ETYM French coin, formerly also coing, wedge, stamp, corner, from Latin cuneus wedge; prob. akin to Eng. cone, hone. Related to Hone, Coigne, Quoin, Cuneiform.
A metal piece (usually a disc) used as money.
Acronym for counter insurgency, the suppression by a state’s armed forces of uprisings against the state. Also called internal security (is) operations of counterrevolutionary warfare (crw).
Form of money. The right to make and issue coins is a state monopoly, and the great majority are tokens in that their face value is greater than that of the metal of which they consist.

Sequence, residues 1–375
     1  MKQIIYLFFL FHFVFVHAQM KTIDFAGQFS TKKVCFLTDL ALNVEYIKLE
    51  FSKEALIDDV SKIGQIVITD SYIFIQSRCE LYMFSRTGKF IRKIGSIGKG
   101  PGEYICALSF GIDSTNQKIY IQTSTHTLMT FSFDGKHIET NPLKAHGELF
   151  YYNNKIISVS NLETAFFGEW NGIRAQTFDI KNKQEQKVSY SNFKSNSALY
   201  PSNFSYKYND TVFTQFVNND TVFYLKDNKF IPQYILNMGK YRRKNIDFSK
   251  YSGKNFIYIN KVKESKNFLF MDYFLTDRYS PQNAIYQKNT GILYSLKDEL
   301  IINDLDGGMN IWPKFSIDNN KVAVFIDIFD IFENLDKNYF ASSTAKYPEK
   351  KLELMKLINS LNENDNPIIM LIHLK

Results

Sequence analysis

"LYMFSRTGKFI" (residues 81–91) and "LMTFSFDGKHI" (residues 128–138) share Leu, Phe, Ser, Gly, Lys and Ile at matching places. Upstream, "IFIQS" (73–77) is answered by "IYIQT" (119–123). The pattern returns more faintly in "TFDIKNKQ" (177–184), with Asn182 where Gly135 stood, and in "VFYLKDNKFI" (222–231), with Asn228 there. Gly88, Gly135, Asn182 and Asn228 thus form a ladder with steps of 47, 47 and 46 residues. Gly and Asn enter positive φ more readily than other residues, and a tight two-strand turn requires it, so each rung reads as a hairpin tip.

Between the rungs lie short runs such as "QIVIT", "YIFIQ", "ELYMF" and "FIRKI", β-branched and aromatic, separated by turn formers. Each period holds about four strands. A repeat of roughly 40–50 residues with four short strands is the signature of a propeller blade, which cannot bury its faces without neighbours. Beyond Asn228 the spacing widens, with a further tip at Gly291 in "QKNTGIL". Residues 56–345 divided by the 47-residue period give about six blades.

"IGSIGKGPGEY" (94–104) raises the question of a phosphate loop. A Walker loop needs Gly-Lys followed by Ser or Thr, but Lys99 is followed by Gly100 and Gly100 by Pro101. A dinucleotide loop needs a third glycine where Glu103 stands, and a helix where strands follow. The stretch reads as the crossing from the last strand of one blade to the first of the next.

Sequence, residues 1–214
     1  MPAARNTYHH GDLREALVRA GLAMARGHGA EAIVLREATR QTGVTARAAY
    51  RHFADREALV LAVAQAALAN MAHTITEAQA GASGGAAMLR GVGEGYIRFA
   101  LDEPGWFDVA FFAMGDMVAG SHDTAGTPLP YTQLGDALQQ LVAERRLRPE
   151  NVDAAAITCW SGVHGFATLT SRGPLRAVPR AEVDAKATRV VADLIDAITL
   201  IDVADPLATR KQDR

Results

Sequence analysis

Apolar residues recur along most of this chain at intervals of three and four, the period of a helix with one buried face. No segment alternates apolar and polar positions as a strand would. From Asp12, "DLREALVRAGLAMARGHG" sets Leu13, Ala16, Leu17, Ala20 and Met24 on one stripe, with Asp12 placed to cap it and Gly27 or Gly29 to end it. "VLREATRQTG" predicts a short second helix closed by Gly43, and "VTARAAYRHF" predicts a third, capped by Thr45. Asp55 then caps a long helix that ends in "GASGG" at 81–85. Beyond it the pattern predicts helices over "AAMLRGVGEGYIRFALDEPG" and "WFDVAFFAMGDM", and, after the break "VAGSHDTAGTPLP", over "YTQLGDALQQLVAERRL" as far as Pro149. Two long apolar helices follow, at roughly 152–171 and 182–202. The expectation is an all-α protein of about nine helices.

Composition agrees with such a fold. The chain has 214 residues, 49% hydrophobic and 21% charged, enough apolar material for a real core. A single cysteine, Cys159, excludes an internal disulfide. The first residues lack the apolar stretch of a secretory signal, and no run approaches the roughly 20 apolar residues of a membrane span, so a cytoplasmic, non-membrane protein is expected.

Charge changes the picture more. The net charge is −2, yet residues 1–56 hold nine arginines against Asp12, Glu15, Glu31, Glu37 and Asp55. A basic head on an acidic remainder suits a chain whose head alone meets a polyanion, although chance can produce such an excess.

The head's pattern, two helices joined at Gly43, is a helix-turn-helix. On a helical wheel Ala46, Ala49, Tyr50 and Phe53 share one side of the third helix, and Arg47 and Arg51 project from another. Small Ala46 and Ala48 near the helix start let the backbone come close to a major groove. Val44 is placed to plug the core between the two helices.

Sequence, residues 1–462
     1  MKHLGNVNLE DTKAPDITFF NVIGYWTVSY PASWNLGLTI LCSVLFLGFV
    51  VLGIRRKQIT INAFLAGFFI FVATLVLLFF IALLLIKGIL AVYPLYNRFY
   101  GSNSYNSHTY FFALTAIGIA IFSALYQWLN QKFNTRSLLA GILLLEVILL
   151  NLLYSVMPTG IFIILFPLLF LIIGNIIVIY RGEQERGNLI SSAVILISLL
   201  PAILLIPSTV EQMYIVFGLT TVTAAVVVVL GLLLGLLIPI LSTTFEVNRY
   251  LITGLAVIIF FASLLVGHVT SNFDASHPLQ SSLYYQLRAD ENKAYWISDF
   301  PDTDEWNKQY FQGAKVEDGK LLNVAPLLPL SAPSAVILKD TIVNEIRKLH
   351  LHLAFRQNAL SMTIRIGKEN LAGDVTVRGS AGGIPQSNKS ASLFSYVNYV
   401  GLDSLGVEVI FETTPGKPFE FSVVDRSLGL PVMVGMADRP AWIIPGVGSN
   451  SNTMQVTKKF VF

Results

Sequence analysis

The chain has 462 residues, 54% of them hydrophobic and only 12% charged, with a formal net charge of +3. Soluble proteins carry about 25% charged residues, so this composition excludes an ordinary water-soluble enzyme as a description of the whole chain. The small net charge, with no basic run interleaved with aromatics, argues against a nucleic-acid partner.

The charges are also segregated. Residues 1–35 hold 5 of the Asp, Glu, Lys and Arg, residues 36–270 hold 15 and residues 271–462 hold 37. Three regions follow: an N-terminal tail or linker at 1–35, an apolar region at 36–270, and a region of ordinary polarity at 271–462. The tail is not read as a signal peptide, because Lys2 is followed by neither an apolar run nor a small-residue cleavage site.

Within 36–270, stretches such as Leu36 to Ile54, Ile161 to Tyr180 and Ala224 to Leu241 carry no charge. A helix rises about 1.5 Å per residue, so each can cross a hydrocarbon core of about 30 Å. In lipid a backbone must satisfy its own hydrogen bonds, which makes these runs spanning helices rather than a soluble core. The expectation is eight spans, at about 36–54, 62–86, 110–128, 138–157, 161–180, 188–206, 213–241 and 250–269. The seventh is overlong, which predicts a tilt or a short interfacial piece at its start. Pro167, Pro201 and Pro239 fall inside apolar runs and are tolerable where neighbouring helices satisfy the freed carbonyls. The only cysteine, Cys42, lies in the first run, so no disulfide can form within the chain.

A milled edge, originally used on gold and silver coins to avoid fraudulent “clipping” of the edges of precious-metal coins, is retained in some present-day token coinage. The invention of coinage is attributed to the Chinese in the 2nd millennium bc, the earliest types being small-scale bronze reproductions of barter objects such as knives and spades. In the Western world, coinage of stamped, guaranteed weight originated with the Lydians of Asia Minor (early 7th century bc) who used electrum, a local natural mixture of gold and silver; the first to issue gold and silver coins was Croesus of Lydia in the 6th century bc.
The study of coins is called numismatics.